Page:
I just released last night a new version of zFactor: v0.1.7. As of this morning, the package has been accepted by CRAN, the Comprehensive R Network Archive. All the code, notes, datasets, notebooks, documentation is publicly available via GitHub at this link.
The zFactor R package also includes its own website: https://f0nzie.github.io/zFactor/
That is one of the neat things about R: the code and documentation that you write for your package can also be used for automatically generating a website in GitHub. I used pkgdown, another R package developed by the tireless genius of data science Hadley Wickham.
There are some new things in zFactor v0.1.7:
- A new correlation by I. Papp which was graciously provided by William Donovan in SPEConnect. Papp’s is one of the few z factor correlations that is explicit; it doesn’t require to perform loop iterations like in the implicit correlations Hall-Yarborough, Dranchuk-AbouKassem, Dranchuk-Purvis-Robinson, etc. I couldn’t find the original paper by Papp in English. It was released in 1979. Please, if you find the paper, I would appreciate if you share it with me. I found documentation though on the correlation in papers and books. See the references and bibliography at the zFactor website. This is the for the Papp correlation code:
Very simple, isn’t it?
Comparatively, the correlation looks fairly acceptable if you are in a hurry and need a quick calculation. Below, you can see the Mean Absolute Percentage Error (MAPE) plot for Papp. It shows similar weaknesses at the isotherms 1.05 and 1.1 with a spot clearly with 25% error and few others at more than 25% (gray areas). You will able to see more statistical comparisons, such as the Root Mean Square Error (RMSE), in the package website itself.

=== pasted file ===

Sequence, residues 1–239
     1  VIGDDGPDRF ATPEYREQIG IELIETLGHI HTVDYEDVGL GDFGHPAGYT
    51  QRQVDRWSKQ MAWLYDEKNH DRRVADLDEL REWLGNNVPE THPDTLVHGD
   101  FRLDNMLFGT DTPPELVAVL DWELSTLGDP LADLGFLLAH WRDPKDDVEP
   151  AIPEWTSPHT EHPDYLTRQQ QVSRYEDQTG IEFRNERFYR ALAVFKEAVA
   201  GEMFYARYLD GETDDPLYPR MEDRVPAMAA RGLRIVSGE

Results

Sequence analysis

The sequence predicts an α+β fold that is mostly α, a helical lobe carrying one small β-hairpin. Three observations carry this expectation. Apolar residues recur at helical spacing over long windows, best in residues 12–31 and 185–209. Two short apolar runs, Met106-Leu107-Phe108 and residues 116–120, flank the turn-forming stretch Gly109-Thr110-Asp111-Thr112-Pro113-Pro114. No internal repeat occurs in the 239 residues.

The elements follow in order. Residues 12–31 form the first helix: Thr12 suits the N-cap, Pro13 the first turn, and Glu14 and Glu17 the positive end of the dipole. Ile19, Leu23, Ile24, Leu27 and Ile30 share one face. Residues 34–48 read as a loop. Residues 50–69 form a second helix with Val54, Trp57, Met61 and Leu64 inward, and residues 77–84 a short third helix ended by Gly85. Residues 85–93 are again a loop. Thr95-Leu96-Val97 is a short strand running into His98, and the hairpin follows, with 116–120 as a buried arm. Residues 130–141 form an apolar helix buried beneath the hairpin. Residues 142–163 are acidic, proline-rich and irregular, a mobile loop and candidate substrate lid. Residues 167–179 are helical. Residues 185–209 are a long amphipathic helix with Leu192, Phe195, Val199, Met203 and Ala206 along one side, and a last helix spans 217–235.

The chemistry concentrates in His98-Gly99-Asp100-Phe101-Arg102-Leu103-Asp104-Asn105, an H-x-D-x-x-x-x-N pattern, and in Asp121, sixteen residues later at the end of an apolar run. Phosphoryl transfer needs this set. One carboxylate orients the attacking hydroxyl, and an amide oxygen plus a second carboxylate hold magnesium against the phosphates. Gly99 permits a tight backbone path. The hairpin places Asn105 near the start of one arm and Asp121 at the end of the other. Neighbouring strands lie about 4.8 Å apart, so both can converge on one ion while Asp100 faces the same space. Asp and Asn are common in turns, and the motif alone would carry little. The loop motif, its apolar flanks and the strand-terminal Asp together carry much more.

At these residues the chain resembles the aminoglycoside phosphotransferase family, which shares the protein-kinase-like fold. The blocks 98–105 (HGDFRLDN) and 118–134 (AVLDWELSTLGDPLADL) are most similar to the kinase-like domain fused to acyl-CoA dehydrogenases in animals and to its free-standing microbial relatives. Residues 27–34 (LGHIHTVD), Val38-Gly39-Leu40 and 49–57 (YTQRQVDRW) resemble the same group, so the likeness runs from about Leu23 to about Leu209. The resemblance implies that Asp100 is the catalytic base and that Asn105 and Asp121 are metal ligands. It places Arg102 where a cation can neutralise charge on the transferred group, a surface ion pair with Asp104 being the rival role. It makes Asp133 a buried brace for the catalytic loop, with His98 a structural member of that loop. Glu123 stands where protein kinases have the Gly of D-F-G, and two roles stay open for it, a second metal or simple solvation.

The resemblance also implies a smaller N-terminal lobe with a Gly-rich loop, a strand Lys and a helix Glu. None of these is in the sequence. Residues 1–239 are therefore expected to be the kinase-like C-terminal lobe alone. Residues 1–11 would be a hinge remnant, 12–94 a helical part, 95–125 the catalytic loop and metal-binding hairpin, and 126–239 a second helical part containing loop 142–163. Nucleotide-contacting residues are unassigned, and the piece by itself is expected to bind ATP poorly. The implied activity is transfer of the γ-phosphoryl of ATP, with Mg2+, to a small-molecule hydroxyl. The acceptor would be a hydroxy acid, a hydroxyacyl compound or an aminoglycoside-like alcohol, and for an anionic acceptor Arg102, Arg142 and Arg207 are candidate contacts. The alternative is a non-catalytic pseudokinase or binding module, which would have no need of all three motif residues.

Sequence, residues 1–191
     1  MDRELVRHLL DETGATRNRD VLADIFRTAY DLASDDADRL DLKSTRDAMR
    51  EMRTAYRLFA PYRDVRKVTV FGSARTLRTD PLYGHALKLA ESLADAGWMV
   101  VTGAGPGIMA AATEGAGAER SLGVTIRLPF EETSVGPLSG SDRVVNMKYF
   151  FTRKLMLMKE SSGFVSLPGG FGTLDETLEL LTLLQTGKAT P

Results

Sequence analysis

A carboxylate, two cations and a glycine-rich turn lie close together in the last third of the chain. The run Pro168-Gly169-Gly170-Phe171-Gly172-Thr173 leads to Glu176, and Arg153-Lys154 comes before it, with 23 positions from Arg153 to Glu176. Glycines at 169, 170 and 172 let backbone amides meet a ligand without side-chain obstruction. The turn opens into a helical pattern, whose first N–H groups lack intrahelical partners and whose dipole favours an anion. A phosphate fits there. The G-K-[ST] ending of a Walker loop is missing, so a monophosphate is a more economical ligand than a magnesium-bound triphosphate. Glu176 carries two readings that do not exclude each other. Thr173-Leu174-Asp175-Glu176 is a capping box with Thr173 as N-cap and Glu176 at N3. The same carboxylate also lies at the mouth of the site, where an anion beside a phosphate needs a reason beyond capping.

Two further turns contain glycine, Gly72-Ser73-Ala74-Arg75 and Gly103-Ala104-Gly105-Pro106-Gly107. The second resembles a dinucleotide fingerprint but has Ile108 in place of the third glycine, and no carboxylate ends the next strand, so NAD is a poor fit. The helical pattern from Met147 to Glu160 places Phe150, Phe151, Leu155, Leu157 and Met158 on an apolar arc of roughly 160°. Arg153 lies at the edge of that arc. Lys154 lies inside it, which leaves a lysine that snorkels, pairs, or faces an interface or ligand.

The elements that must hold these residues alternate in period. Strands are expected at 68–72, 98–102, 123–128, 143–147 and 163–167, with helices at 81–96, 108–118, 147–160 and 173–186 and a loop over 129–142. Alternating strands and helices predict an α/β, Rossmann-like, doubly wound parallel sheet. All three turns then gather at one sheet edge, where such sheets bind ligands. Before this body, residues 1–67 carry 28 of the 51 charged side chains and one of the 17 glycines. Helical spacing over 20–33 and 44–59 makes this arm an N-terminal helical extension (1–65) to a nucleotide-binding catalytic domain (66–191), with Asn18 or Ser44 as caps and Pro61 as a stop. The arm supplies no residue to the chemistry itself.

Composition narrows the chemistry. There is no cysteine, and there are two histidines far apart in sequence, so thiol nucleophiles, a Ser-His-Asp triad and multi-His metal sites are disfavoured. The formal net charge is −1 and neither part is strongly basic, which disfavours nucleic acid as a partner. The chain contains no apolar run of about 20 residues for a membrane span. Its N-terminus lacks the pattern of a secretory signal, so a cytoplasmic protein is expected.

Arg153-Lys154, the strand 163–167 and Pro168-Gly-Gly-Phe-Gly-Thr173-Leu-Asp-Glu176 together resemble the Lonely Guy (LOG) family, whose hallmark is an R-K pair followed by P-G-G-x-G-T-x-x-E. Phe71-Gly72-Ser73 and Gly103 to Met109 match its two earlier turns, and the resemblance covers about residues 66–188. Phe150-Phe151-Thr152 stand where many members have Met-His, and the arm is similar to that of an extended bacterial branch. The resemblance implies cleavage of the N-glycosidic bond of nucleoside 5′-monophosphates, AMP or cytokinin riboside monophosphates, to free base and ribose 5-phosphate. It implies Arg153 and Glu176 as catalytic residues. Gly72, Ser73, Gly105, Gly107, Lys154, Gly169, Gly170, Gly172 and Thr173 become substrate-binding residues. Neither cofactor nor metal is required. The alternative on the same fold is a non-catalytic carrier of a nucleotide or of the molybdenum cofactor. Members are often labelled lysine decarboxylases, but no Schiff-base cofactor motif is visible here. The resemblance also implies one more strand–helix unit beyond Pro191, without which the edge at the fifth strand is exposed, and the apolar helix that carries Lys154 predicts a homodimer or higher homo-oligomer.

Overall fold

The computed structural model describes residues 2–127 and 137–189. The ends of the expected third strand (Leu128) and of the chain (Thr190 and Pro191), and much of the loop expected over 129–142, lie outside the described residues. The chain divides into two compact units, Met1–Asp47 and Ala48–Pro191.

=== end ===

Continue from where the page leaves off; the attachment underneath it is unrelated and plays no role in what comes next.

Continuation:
- There are two vignettes or R documentation pages devoted to statistical comparison: (1) selecting the correlation; and (2) measuring errors in calculating z. You will see functions and plots that were used while trying to select the most accurate correlation. Below I am showing the RMSE for all the correlations under study. You may find that only an error measure could not be enough to qualify a particular correlation.
- This is where data science tools come in pretty handy. Plotting makes things clearer if one measure is not enough. Let’s take for instance the RMSE heatmap plot for Papp. If MAPE measure was not enough RMSE could give a better hint:
and compare it against Dranchuk-AbouKassem (DAK), one of the most stable and used in the industry:
- Another new thing in zFactor is the addition of a new statistical error measure: the Mean Arc-tangent Absolute Error or MAAPE. It is a very interesting measure because of two reasons: it is based on the Mean Absolute Percentage Error (easy to understand), it doesn’t depend on the scale and fixes the problem with small numbers, especially, when they tend to zero because of the term for the actual or current values in the denominator.
In fact, the author of the paper “A new metric of absolute percentage error for intermittent demand forecasts” used some geometry analogy to show that if we take the numerator and denominator of MAPE and put it in a triangle rectangle like so:
then, instead of MAPE being the slope, we could come up with MAAPE where the angle theta is the arc tangent of MAPE elements. The solution is pretty neat since instead of getting from MAPE infinite as an answer, we get pi/2, when the denominator tends to zero.
This is another way to find the isotherms that deviate the most. For the same Papp correlation we plot z from the Standing-Katz chart on the x-axis versus the calculated value of z for few of the isotherms and observe the error bars. Take a look at the facets at 1.05 and 1.1
# code # plot
There are other new features in zFactor such as the ability of the package of functioning as a website, functions have been improved to allow more statistical measures such as RMSE and the new MAAPE. Finally, I was able to find the paper “Comparing Methods for Calculating z Factor” by Professor Gabor Takacs, which is always referred as a source when dealing with correlations for the compressibility factor. The link is also available in the zFactor website.